Brody Malone, who repeated as U.S. all-around champion at August’s national championships, and runner-up Donnell Whittenburg already clinched spots on the five-man team for worlds in Liverpool, Great Britain. They did not compete Monday, though their results from the first day of nationals are shown in the official scores.

The three remaining team spots will not necessarily go to the top three all-arounders at this week’s camp, which is supposed to be weighed equally with results from August’s nationals. Hong was third at nationals, but if excluding difficulty bonus points from that meet that will not be considered by the committee, would have finished behind Walker and Moldauer in August.

A selection committee is expected to announce the team soon after the second and final day of selection camp competition on Wednesday evening. The committee will look at overall scoring potential for the world team final, where three men go per apparatus, and medal potential in individual events.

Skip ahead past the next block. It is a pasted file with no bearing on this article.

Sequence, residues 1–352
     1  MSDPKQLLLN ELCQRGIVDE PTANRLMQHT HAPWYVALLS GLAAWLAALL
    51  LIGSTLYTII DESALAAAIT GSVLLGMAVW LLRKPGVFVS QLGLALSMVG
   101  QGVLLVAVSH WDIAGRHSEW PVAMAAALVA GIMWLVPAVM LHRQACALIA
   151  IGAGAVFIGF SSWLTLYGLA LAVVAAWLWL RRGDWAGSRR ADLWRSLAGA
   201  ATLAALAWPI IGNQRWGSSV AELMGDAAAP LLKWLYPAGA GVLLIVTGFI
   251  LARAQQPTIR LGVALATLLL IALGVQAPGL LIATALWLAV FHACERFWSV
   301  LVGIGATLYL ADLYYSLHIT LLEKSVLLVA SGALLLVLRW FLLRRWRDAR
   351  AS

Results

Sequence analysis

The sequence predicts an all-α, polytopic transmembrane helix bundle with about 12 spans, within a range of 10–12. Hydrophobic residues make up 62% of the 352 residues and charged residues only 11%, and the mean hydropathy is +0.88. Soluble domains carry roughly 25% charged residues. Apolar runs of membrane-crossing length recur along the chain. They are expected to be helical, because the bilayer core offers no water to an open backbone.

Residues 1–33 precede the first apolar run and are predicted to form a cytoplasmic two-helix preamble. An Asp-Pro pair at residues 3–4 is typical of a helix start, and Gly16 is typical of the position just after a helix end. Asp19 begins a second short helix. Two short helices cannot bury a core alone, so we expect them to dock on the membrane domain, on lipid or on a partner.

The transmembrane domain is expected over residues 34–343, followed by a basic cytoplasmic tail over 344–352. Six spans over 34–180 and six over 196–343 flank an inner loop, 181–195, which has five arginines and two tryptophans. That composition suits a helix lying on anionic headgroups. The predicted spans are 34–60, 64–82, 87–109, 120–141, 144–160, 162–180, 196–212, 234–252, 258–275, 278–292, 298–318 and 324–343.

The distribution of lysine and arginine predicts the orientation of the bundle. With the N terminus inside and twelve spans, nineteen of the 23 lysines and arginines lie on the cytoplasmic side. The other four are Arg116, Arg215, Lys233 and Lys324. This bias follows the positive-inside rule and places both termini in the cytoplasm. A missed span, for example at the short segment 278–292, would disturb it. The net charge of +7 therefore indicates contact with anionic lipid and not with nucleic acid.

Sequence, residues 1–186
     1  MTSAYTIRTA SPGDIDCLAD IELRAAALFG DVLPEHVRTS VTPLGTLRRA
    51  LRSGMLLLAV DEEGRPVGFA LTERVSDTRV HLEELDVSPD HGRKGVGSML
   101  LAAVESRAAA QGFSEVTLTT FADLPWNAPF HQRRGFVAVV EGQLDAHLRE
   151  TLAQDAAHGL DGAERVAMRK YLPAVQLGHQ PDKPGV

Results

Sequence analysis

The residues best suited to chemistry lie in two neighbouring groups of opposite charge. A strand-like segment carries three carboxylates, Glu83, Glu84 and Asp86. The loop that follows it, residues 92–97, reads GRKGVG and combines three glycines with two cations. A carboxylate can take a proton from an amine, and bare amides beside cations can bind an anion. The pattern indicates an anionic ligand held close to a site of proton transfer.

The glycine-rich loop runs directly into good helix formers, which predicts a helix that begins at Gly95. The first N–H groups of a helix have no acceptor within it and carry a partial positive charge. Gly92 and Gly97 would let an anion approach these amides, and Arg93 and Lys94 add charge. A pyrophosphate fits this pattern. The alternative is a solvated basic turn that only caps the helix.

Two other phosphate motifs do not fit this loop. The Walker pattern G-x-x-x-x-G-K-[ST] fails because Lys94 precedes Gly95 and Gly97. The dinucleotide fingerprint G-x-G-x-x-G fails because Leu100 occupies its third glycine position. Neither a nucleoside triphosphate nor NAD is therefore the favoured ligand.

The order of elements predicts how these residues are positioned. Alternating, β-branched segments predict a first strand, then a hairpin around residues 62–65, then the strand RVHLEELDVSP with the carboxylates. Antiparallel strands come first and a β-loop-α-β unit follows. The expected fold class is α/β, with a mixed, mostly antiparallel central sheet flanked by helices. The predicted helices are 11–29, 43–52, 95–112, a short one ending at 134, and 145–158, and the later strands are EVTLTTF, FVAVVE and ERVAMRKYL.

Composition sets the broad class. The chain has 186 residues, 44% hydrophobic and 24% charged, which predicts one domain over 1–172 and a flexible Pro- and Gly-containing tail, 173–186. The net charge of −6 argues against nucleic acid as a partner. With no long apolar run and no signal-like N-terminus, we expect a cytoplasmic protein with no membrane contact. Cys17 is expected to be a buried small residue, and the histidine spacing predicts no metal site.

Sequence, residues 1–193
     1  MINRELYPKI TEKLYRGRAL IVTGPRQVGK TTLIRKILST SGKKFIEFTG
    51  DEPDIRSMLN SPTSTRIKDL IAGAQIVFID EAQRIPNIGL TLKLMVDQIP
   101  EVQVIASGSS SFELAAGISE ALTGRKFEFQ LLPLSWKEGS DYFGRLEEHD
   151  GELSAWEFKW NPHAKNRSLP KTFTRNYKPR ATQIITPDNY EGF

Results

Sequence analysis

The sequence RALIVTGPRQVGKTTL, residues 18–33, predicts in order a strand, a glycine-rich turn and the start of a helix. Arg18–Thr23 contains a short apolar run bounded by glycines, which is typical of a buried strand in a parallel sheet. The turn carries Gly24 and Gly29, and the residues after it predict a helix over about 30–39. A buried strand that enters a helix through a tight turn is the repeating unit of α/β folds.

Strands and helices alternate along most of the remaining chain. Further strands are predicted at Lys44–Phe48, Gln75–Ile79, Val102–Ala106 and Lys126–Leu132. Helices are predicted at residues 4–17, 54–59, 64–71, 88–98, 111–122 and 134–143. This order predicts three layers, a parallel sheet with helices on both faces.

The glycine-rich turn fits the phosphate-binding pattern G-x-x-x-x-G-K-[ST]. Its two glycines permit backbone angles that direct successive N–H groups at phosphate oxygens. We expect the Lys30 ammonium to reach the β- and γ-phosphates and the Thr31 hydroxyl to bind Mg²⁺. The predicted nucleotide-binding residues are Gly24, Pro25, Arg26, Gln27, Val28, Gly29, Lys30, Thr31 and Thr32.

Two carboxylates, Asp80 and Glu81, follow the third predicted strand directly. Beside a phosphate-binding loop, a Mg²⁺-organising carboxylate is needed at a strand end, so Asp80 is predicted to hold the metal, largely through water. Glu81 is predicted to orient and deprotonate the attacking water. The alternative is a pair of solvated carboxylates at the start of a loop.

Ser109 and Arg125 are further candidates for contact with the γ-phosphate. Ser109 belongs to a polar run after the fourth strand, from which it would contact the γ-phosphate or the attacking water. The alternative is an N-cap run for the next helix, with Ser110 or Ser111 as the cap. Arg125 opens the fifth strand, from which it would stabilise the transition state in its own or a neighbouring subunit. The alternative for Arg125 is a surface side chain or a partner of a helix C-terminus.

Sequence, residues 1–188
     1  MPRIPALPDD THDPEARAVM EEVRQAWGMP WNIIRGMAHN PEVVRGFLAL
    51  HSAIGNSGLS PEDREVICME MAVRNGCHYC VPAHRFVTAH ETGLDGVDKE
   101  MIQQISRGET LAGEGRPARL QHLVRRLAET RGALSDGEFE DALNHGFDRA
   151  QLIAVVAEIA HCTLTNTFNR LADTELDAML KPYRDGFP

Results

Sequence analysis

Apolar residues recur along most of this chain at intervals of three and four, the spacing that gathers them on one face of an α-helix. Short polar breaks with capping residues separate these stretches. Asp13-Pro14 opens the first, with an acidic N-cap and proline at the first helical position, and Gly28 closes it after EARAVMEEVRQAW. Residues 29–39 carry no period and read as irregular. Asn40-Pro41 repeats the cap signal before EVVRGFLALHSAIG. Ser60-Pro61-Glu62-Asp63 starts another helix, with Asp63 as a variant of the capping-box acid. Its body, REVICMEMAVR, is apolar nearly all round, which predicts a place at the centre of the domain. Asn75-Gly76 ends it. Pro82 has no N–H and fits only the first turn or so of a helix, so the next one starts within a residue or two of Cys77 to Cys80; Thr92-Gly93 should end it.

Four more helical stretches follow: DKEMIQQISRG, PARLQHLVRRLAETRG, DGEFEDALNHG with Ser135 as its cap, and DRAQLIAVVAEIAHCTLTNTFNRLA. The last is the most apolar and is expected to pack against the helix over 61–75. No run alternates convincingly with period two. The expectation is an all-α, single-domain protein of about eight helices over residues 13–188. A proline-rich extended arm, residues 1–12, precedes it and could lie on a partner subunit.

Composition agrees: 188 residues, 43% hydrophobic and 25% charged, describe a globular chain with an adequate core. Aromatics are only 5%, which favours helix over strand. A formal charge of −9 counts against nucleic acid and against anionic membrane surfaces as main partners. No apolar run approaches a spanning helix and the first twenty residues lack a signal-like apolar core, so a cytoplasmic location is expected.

Stephen Nedoroscik, who last year became the first American to win a world title on the pommel horse, is trying to make the team solely on that apparatus. He wasn’t at his best at nationals and struggled again on Monday, hurting his chances of displacing an all-arounder for one of the last three spots.

The U.S. has reason to emphasize the team event over individual medals at this year’s worlds. It will clinch an Olympic berth by finishing in the top three, and its medal hopes are boosted by the absence of the Russians who won the Olympic team title. All gymnasts from Belarus and Russia are banned indefinitely from international competition due to the war in Ukraine.

In recent years, the U.S. has been among the nations in the second tier behind China, Japan and Russia, including in Tokyo, where the Americans were fifth.

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Ironman Kona World Championships return for first time in three years, live on Peacock